Gideon Travel is another victim of the pandemic, announcing that it will be closing its doors for good after 61 years in business. Founder Joseph Gideon, seen outside the storefront office in Toronto pioneered the charter business in the 1960s. Photo courtesy Gideon Travel

Pandemic claims Gideon Travel

  • October 25, 2020

After 61 years Gideon Travel has reached the end of the road. 

The death of founder Joseph Gideon in May and the continuing effect of COVID-19 on the travel business combined to make it impossible to carry on, Gideon Travel general manager Pauline Gideon told The Catholic Register.

“With everything that’s happened, it was too much for me to keep going,” she said. 

Cancelled trips had already translated into hundreds of refunds to disappointed travellers. Gideon could see no quick or easy recovery just around the corner.

“I knew that this disease is not all of a sudden going to go away,” she said.

Gideon Travel was a full-service travel agency with dozens of corporate clients. It had pioneered the charter business back in the 1960s. But it was best known among Catholics for organizing pilgrimages to the Holy Land. As a Palestinian Christian who fled his homeland in 1948, Joe Gideon never lost connection to the land of the Bible.

“He knew it inside out. He knew everything. He knew what to see,” said his daughter Pauline.

Gideon Travel has also been a good friend to The Catholic Register, being a loyal advertiser since 1964. 

“Over the years it grew to be a friendship as much as a business relationship,” said Register publisher/editor Mike Simpson. “There’s no question the success of Gideon Travel was built on personal connections and that will truly be missed.”

For nearly 20 years Kitty McGilly booked Holy Land tours for church groups through Gideon Travel. McGilly recalls Gideon accompanying her pilgrimage groups not as a tour leader but as a generous host welcoming people to his home.

“He was a fantastic singer. He was a tenor. He did ‘Ave Maria’ at many of the holy places,” McGilly said. “He was proud of his Palestinian background. It broke his heart to see what was happening there.”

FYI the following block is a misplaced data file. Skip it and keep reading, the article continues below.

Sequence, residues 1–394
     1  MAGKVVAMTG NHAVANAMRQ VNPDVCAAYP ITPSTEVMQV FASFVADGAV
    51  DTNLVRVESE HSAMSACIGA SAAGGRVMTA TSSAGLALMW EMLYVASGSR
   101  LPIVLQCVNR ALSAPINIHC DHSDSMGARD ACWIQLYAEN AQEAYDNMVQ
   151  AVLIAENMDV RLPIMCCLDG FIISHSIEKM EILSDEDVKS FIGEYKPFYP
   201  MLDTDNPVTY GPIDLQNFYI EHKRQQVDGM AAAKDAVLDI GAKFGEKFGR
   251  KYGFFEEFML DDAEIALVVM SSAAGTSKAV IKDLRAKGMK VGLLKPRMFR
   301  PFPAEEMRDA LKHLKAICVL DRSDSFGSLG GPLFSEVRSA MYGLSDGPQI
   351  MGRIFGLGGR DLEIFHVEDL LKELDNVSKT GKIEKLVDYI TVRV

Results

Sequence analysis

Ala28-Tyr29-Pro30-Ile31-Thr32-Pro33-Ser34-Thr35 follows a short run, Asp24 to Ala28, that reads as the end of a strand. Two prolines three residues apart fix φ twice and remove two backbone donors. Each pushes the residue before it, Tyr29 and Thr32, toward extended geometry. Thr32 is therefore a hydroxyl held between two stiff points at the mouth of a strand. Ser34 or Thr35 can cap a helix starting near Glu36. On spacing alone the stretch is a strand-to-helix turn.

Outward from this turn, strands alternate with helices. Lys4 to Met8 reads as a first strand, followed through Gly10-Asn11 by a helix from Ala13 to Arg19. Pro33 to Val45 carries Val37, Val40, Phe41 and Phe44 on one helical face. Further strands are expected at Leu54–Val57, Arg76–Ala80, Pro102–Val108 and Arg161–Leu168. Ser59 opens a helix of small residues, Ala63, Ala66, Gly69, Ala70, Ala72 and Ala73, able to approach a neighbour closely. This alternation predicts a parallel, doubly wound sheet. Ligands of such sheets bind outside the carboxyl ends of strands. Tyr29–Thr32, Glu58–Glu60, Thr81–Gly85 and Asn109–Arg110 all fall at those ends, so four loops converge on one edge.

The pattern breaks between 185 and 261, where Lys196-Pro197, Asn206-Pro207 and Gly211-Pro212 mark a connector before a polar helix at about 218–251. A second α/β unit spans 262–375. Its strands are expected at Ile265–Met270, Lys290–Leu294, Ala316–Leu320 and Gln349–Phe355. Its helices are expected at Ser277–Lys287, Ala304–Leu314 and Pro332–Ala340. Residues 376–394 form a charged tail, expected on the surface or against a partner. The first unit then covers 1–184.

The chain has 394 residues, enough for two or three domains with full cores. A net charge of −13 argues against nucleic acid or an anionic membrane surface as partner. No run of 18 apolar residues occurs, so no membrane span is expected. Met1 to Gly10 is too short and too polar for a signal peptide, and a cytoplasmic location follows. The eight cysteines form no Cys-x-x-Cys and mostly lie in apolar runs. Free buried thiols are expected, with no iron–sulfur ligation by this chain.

Gideon was writing his high school matriculation exams when the 1948 Arab-Israeli war broke out. His family, at the time, was vacationing in Egypt. As the war turned into a refugee crisis, Gideon finished his exams and joined his family in Egypt, where they were stuck for three years.

In 1951 Gideon’s father decided his family would be better off in Canada. Joe worked as an accountant for several companies, including a travel agency. When a storefront came available in 1959, he decided he would rather own and run his own business.

For Pauline, her dad’s decision to make a life in the travel business meant growing up a citizen of the world.

“He used to take us on trips he never had to take us on,” she said. “We were kids (she and her sisters Jacqueline and Angeline) and he would tag us along. So we got to see the world that a lot of people don’t. For that, I’m grateful. It made us, I think, better people.”

Pauline helped out with the family business from childhood, eventually becoming the general manager for her father.

“My dad was one of the most enthusiastic, optimistic people I have ever known,” she said. “We would say bye to him when he went on a trip. Then he would come back and we would say, ‘Hi Dad, how was the trip?’ And of course Dad would say, ‘It was the trip of a lifetime, sweetheart.’ He was so grateful, every trip he went on was the trip of a lifetime. That was so amazing to me.”

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